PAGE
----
>time the sun turns into a red giant. Suppose, for example, that the
>sequence is given by the digits in the decimal expansion of some
>dimensionless physical constant. What kind of experiment can we run to
>distinguish whether that infinite sequence of digits is recursive or
>not? In fact, we may be able to compute the first hundred values of f
>even if f is not recursive.
The EXPERIMENT doesn't tell you the sequence f(n) is recursive or
nonrecursive. The PHYSICAL THEORY tells you a mathematical definition
of the sequence and asserts that the experiment will produce the
sequence. MATHEMATICS can then prove the sequence recursive, prove the
sequence nonrecursive, or fail to answer the question of the sequence's
recursivity.
After the experiment is run, the following situation occurs: if the
sequence is recursive, then one can calculate whether experiment matched
theory and thus confirm or disconfirm the theory. Even if the sequence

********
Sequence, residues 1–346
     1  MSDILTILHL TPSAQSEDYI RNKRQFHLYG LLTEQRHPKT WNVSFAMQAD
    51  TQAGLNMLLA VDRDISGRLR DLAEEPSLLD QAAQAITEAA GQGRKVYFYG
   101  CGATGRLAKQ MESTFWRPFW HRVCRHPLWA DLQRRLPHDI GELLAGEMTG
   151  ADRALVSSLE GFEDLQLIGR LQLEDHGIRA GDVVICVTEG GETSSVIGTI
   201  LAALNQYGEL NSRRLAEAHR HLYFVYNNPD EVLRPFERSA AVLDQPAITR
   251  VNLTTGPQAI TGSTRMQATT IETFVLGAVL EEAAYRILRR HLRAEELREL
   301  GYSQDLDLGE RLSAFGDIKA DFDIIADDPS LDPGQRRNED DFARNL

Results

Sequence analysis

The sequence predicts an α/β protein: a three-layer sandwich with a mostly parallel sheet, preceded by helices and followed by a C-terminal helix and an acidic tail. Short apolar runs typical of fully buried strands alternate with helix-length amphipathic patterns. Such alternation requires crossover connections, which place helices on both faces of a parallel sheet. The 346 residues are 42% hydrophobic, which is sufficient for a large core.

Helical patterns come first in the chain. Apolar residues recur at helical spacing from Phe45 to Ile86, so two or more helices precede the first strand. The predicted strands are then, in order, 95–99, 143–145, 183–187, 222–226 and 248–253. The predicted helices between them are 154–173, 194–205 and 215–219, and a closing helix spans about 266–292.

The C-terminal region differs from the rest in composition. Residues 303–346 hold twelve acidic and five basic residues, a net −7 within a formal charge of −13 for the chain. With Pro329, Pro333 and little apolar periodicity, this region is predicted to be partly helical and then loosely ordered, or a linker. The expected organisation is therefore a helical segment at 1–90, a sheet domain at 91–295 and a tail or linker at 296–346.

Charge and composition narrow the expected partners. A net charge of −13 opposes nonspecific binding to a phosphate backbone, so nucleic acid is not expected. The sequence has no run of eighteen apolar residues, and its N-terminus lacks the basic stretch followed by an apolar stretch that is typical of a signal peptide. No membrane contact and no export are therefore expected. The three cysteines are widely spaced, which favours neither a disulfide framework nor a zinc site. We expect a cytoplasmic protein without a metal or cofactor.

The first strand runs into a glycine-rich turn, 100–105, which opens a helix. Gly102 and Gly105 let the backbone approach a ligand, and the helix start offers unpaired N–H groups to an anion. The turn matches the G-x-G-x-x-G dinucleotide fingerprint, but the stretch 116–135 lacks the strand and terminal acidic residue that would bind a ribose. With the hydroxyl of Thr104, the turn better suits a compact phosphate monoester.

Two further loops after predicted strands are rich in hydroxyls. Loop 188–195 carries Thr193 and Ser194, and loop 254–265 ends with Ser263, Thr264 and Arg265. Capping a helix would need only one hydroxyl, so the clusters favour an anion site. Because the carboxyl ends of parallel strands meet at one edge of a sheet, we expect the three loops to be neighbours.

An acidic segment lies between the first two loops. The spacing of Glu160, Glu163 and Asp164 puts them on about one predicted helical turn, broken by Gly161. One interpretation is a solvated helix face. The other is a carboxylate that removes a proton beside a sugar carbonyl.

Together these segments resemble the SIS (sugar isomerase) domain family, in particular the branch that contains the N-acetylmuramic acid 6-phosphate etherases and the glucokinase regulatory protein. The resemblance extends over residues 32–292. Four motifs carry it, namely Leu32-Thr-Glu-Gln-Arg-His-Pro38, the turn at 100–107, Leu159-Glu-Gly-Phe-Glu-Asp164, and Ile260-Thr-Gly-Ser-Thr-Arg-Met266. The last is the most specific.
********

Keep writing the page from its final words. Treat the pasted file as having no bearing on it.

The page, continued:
is not recursive, it may be the case that the particular terms of the
sequence you have experimentally generated can be "computed" by proving
in ZFC that the values of those terms are certain particular integers.
In this case, you also an say that the experiment either confirms or
disconfirms the theory depending on whether or not it produced those
numbers.
However, the metamathematically interesting case is where the defined
sequence is not recursive and you cannot establish in ZFC what the
particular values you have experimentally generated "ought" to be
according to the theory. In this case it no longer makes sense to say
you are running experiments to test the theory. Rather, if the theory
has passed all other tests, you are assuming the truth of the theory as
an axiom and are deriving NEW mathematical statements by resorting to
experiment. The only epistemological difference between this and
computer-proved theorems is that we understand the physics that goes
into computers so well that we believe we could simulate them by hand,
so that we believe from the computer result not only that the theorem is
true but also that an ordinary proof of it exists. (A "computer proof"